originated only about 30 years ago. Prior to this, little, if anything
was done in the creation of actual works of art or the creation of an
interest and appreciation in them, and there was very little of any sort
of educational project towards the development of an indigenous West
West Indian art, so that we are faced with what in effect is a very
young art movement. The participants in this discussion played a
very vital and leading role in the whole development of the fine arts
in Jamaica. And I am going to invite Mrs. Manley first of all to tell
us of her own involvement in the whole art movement and specifically
how she came to be so dedicatedly involved with art and artists in
the West Indies.

Manley: Well, I think that's a rather difficult question to answer
because you put it on a very broad basis. I think that if one discovers
that there is something to which one can dedicate everything one has
got, time and work and energy and that sort of spiritual, passionate
love, ultimately you look outside yourself and as it were you are looking
for kindred spirits, you're looking for a world that you can share with
other people. Now I am putting this quite simply and I am afraid
almost too simply. I myself, have always been dedicated to one form
of art-sculpture in its many phases-wood carving, or sometimes
stone carving, for a shorter period work for bronze, and often and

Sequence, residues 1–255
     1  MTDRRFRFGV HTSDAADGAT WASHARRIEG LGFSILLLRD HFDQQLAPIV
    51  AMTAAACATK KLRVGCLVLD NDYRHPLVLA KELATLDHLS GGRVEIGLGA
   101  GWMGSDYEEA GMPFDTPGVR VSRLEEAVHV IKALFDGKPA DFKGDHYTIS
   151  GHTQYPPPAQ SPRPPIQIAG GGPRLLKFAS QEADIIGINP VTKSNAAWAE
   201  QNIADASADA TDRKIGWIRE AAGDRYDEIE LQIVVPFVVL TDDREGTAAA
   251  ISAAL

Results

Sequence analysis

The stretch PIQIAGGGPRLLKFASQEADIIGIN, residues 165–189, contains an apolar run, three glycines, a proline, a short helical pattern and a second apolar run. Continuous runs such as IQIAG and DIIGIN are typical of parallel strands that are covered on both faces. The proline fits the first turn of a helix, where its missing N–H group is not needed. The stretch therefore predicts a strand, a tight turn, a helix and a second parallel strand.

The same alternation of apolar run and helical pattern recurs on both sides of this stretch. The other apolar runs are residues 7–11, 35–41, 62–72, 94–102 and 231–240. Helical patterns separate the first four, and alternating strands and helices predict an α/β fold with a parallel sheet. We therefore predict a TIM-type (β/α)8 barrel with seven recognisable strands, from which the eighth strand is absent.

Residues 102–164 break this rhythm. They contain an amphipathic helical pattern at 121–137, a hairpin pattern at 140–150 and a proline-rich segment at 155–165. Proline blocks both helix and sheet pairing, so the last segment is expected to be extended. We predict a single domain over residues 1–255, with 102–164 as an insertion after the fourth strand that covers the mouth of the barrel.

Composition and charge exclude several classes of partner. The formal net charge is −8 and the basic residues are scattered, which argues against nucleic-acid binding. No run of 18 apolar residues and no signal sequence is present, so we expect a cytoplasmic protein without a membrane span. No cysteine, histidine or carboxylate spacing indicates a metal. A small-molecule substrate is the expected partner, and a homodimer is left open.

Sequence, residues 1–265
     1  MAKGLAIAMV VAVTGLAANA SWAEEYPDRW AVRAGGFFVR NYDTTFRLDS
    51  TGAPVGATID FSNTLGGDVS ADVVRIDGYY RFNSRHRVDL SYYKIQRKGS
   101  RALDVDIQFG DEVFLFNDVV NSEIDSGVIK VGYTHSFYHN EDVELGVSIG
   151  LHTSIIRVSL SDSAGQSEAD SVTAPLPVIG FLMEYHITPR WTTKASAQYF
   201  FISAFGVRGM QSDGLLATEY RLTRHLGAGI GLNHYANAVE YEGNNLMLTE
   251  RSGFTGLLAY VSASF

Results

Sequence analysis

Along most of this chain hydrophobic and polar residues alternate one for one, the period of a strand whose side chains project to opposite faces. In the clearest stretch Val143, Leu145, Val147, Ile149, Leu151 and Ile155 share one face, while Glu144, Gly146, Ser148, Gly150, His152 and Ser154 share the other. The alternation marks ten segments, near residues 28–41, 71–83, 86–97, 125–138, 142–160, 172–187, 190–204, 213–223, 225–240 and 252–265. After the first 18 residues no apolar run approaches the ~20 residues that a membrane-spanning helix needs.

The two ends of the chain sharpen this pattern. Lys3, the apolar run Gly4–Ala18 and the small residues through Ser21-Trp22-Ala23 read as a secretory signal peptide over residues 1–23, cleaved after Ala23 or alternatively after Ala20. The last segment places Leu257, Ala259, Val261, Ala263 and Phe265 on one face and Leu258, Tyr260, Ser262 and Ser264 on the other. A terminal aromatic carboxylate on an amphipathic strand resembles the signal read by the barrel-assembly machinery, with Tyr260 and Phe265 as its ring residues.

quite steadily, terracotta.

I think that once you leave an art school where you are surrounded
by a world of people who are living and thinking in the same terms
and you strike out by yourself and you move out into a community
and there is nothing there, there is nobody to meet you, there is no
one who understands your problems and in a sense there is no stimulus,
except the stimulus of the layman, the sympathetic person, the
connoisseur, but there isn't the stimulus of the person who is battering
out this world for themselves and I think that it is a very short step
from that to say, well, something's wrong here. Then you wonder
where you go to look and I think I was fortunate when this overtook
me that there were people, just a few, who were thinking in the same
terms though not artists themselves. I refer to people like Moldsworth

of the Institute, Sir Philip Sherlock, Theodore Sealy, who were thinking
along the same lines but not with the same motive that I had and I
think that you can't help moving around in Jamaica or the West Indies
and not knowing that even if the thing, the actual object is not there,
there is this deep urge, this frustrated urge for self-expression.

Now this is from the very, very early days and I think that was
the aim, that was what caused me to become involved in the movement.
I was lonely, really in the first place, and then I have always loved
the company of artists, even disagreeable ones like Karl Parbooslngh
with whom I fight the whole time, so that blood runs all over the
place; or people like the lately resuscitated Roger Mais who was remark-
ably like Parboosingh in temperament and maybe they have an equal
talent. And I have always loved young people and I think that in a
nutshell, that is how it started. And once you start a thing like that,
it grows and it grows.

Verity: Now, before we get specifically into the question of the whole
movement: Karl, you came a little bit later on in the scene but could
you tell us your background and motivation in entering into the whole
projection of the art movement?

Parboosingh: Well, my position is rather different because I didn't
start out as a painter. As a matter of fact, my parents had ambitions
for me to be a violin player and my introduction to art was through
music which I started at the age of three at St. Hilda's in Brown's Town.